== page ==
Review Summary: Beautifully foreign and intimate at the same time.2 of 3 thought this review was well written
Much popular music, frankly, has little depth. And if it does, it merely further examines the basic problems of our everyday lives, rather than turning our thoughts to things beyond ourselves. That is, I believe, part of the reason for my being drawn to music such as this. This album is so intriguingly foreign yet so intimately beautiful at the same time that I cannot help but feel that, while far beyond my comprehension, it is more meaningful to me than much of the most ‘indie’ music I listen to on a daily basis. Anyways, I digress; and besides, I doubt most of you have not already had such a musical experience. But for me, it has been long in coming.
Fly, Fly My Sadness
is the 1996 album by The Bulgarian Voices Angelite and Huun-Huur-Tu. The former is a Bulgarian women’s choir, and the latter is a Tuvan throat-singing group. While I have heard throat-singing music before, and the sounds of The Bulgarian Voices are not entirely foreign to my ears, the combination of the two is something unique. The addition of the ancient-sounding throat-singers to the perhaps more modern Bulgarian choir works extremely well. The two musical styles are integrated differently throughout the album, and this keeps it from becoming repetitive. On “Wave,” one of the three mainly vocal pieces, part of the choir sings a sustained note while others raise their voices in a sort of mix between singing and yelling that ebbs and flows, creating an extremely vivid image of waves in the open ocean. Then a single Tuvan singer joins in, singing the main melody in a clear voice. On the whole, the song is somewhat free-form rhythmically, and reminds me a bit of more involved drone music.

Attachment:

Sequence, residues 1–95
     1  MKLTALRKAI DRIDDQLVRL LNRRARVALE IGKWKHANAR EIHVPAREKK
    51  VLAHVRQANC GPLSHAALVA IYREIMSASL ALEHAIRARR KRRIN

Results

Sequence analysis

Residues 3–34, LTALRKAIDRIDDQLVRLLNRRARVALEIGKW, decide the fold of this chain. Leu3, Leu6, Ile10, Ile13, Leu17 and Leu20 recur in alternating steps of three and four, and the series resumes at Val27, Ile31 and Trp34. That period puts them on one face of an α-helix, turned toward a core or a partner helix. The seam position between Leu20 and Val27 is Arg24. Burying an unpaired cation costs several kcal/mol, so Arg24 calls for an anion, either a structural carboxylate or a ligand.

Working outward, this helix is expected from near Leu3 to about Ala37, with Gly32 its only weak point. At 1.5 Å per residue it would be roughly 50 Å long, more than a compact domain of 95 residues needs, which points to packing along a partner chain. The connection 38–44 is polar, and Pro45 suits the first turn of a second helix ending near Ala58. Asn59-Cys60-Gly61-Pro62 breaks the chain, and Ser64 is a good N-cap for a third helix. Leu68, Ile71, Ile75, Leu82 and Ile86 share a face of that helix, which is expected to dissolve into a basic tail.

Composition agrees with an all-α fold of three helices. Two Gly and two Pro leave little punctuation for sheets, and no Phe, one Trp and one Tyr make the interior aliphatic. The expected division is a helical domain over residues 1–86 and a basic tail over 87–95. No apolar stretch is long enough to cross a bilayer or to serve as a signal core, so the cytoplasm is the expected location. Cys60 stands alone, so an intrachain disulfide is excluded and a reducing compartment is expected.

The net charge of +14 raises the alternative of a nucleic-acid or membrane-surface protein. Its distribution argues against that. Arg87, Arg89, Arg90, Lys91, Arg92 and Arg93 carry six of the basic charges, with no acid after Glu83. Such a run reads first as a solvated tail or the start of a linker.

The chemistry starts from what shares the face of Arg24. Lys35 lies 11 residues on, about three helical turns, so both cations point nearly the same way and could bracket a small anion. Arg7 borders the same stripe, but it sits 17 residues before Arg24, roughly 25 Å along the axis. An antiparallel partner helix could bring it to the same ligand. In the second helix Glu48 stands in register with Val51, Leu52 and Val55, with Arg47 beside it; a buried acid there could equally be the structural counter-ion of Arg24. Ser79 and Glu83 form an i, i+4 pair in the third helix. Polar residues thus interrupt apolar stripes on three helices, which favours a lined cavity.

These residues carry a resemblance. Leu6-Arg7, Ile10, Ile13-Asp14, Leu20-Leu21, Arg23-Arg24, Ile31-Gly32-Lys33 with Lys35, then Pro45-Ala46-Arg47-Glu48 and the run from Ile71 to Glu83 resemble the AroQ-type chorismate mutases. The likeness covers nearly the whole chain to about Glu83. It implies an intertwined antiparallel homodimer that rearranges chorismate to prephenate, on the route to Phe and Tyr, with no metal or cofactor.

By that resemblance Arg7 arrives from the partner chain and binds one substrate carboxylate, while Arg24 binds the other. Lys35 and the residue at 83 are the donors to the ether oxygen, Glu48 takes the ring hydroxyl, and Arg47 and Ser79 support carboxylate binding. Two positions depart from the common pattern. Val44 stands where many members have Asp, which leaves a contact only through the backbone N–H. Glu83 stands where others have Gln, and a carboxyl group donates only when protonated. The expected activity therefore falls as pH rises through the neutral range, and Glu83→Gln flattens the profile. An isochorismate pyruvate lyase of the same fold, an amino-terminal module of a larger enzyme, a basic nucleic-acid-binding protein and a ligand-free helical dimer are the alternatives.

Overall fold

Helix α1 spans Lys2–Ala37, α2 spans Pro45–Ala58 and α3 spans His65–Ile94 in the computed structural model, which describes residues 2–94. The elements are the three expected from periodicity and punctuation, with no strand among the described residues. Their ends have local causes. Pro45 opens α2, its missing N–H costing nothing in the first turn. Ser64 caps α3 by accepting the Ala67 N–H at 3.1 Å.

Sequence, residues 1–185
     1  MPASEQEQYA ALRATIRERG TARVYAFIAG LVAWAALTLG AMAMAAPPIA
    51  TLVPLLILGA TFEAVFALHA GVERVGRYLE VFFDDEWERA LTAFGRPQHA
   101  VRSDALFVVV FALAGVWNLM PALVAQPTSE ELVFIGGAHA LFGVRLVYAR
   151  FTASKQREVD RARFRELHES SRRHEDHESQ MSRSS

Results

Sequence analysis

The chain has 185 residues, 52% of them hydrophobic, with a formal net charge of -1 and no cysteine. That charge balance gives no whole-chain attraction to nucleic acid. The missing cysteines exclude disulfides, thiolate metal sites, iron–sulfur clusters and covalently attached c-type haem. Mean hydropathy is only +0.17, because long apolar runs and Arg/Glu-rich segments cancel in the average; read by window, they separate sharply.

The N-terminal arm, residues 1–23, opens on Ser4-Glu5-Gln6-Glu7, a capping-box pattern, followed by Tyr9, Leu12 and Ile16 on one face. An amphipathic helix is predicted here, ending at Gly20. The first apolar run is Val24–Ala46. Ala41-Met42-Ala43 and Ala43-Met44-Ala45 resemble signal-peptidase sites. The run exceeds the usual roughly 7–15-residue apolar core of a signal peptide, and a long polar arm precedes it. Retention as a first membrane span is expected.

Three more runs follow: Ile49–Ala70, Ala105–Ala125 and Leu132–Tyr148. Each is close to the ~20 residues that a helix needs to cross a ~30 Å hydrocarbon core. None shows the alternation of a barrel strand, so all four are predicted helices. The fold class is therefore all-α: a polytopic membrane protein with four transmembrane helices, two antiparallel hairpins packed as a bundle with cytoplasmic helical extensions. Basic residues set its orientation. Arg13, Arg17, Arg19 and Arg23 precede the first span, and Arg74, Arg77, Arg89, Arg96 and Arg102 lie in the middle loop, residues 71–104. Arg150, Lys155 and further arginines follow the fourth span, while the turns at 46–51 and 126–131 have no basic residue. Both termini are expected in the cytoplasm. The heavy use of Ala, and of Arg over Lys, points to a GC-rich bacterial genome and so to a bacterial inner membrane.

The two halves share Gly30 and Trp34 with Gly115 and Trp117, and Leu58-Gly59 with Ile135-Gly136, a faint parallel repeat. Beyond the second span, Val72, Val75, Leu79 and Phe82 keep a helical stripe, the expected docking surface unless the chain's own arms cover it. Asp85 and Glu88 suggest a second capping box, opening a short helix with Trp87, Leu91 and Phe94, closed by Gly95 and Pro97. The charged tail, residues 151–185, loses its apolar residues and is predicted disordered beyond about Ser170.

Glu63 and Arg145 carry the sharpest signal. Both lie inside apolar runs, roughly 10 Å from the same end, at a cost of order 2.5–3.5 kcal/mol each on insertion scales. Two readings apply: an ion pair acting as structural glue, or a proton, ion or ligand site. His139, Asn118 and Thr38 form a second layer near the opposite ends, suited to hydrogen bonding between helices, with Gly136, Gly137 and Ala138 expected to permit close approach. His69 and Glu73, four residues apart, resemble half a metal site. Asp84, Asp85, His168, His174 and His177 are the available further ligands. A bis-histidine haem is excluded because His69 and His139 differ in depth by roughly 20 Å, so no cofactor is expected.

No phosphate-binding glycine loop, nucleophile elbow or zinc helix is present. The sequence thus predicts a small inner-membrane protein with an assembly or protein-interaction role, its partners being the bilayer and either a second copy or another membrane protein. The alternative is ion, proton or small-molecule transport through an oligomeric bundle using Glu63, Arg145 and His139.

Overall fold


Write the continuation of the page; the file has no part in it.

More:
“Mountain Story” starts off with a lovely solo by what sounds like an accordion. Then a stringed instrument joins in, along with two Huun-Huur-Tu members, one of whom sings in high, whistling overtones, and the other in low, growl-like throat-singing. Eventually, the choir joins in and gradually builds, climaxes, and fades out, each time inducing chills. The instruments and vocals cut out, leaving the accordion to end the song. "Legend" begins with Tuvan singers once again intoning some of the deepest notes to be found in music. I cannot help but be reminded of drone doom metal, but in comparison this is far better and more musically engaging. The Bulgarian choir eventually joins in singing a melody that sounds like something that could be heard in the soundtrack to Hidalgo, or some other film set in the parched, burning regions of the Middle East.
I would love to explore each single track in detail, but that would take a while, and it is difficult for me to describe this music, as I lack both the critical and musical expertise to do so. However, I can do no more than to recommend this as a beautiful, intimate album that will no doubt leave you pondering, and perhaps even lead you to question your beliefs about music, as it did for me.